“For Orion Pharma, the trial is an opportunity to gather experience from the use of RFID technology in tracking deliveries and authenticating products in a commercial environment. We are looking for ways to streamline our logistics operations and co-operation with our suppliers and to put us in a better position to face future challenges as regards the traceability of products,” says Markku Huhta-Koivisto from Orion Pharma.

RFID is seen as one way to combat the presence of counterfeit drugs in the phamaceuticals industry.

Stora Enso’s PackAgent product is based on the Trackway software developed by Stockway, a Finnish specialist software provider.

Just amazing, reading about the Enron fiasco, stuff like the Associated Press’s report of how the discovery of a tray of uncashed checks from a California utility worth tens of millions of dollars under an Enron Corp. trader’s desk was “bad news” for the company’s retail division, “as accountants dug into its chaotic billing and losses in early 2001.”

“Basically, Enron’s risk books already assumed we would be receiving these checks,” the AP reports former Enron accountant Wanda Curry as testifying Monday as the fraud and conspiracy case against its former chief executive, Jeffrey Skilling, and founder, Kenneth Lay, entered a fifth week.

“We began a quantification effort to know what the exposure was, not only what was received, but what we expected to receive,” she said.

Curry’s project, assigned by Enron’s chief accounting officer Rick Causey and dubbed “Deep Dive,” the AP reported, revealed “wildly overvalued contracts along with the uncashed checks, like those from Southern California Edison.”

“The number grew to millions, hundreds of millions of dollars,” said Curry, who had been directed by Causey to “stop the bleeding.”

This might be cruel, but here’s a press release Enron issued from February 2001, as millions of dollars of uncashed checks were turning up under employees’ desks:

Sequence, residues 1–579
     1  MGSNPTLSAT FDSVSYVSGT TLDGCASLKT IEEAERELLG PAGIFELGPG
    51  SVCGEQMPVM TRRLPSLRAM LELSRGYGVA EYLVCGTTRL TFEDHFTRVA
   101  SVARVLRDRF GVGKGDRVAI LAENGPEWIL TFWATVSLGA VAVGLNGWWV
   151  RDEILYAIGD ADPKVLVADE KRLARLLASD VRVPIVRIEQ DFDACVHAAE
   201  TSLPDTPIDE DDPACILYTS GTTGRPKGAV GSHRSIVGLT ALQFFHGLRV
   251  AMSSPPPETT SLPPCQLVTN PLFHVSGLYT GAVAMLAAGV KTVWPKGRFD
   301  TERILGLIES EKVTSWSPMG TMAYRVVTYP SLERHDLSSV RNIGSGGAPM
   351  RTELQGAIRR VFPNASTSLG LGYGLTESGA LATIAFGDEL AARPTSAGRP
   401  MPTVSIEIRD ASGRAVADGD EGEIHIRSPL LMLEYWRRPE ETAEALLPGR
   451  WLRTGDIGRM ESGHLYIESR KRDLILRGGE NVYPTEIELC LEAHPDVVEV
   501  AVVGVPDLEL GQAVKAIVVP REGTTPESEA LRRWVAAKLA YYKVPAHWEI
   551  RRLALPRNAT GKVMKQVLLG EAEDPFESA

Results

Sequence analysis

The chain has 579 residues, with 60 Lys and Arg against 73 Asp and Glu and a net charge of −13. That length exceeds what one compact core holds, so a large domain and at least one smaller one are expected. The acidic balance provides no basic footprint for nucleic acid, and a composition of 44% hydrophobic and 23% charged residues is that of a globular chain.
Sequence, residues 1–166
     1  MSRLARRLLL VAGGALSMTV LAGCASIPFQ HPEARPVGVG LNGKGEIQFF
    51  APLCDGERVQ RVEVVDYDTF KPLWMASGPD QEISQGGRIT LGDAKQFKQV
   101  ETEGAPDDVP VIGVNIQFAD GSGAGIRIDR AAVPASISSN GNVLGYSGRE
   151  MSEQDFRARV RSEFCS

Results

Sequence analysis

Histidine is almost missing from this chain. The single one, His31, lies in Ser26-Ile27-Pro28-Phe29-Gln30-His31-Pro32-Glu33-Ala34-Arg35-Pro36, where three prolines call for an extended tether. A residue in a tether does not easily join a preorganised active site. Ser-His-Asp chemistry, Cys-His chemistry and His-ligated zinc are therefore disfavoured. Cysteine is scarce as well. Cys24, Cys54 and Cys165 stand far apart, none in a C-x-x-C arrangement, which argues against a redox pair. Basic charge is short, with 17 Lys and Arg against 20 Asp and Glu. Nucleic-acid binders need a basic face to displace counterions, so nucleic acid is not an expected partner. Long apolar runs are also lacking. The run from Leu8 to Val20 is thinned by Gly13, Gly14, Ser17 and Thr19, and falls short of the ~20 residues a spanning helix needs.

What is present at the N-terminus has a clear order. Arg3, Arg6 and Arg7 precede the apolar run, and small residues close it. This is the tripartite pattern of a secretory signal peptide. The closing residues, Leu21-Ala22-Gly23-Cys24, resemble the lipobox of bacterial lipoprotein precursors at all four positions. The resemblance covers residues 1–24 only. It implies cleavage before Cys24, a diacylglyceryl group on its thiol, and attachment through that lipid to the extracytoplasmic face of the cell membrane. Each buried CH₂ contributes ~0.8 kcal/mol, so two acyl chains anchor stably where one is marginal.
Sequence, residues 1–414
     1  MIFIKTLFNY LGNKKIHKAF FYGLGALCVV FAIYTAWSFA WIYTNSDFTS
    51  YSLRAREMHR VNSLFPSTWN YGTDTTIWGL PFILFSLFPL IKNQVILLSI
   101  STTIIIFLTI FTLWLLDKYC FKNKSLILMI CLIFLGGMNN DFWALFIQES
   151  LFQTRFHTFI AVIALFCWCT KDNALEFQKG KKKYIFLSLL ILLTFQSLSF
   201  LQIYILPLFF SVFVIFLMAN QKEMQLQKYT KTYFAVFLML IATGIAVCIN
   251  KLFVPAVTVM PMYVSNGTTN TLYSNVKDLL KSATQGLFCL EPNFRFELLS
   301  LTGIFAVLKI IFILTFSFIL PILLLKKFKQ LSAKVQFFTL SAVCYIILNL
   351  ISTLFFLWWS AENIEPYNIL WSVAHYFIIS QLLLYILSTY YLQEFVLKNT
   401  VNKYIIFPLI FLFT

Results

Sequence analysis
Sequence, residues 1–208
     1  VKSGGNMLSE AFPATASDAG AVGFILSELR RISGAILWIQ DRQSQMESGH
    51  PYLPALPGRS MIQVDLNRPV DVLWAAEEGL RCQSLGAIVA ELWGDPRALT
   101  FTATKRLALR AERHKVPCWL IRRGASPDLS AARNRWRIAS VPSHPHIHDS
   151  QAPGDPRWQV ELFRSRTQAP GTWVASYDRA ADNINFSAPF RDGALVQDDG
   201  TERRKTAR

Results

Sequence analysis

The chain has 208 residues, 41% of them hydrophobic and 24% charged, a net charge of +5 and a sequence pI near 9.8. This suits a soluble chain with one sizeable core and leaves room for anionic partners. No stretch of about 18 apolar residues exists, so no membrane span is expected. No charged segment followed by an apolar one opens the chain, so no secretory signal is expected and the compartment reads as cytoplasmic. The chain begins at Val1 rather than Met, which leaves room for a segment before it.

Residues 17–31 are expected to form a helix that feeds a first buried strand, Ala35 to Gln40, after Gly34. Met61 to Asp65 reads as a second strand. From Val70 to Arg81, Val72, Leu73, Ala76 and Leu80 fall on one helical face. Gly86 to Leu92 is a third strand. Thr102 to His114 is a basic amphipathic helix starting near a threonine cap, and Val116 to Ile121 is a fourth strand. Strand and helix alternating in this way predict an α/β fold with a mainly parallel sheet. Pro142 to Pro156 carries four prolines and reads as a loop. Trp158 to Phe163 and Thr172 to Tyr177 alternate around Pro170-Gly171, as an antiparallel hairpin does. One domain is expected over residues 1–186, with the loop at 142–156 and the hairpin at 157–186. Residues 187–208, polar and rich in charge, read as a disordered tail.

Enron Corp. was named today the “Most Innovative Company in America” for the sixth consecutive year by Fortune magazine.

“Our world-class employees and their commitment to innovative ideas continue to drive our success in today’s fast-paced business environment,” said Kenneth L. Lay, Enron chairman and CEO. “We are proud to receive this accolade for a sixth year. It reflects our corporate culture which is driven by smart employees who continually come up with new ways to grow our business.”

Enron placed No.18 overall on Fortune’s list of the nation’s 535 “Most Admired Companies,” up from No. 36 last year. Enron also ranked among the top five in “Quality of Management,” “Quality of Products/Services” and “Employee Talent.”

“Hey, I’ve got an idea to grow our business: Let’s cash the checks people send us!”

Gasps of surprise. “Why, Martin, how… innovative!” (Aside: “What a talented employee!”)

$101 billion company when this press release was issued, the sixth-largest corporation in the world, one of the most admired companies in America. By the end of the year the stock was junk and the company was in Chapter 11, thousands of people having lost life savings and thousands out of work.

E-Services Group International today announced that it is beginning a pilot program with Delta Air Lines, presumably no pun intended. E-Services Group International will provide Delta with customer contact services, including reservations for US based customers, which could lead to a larger partnership. E-Services Group International will manage the work for Delta Air Lines from their existing facilities in Montego Bay, Jamaica.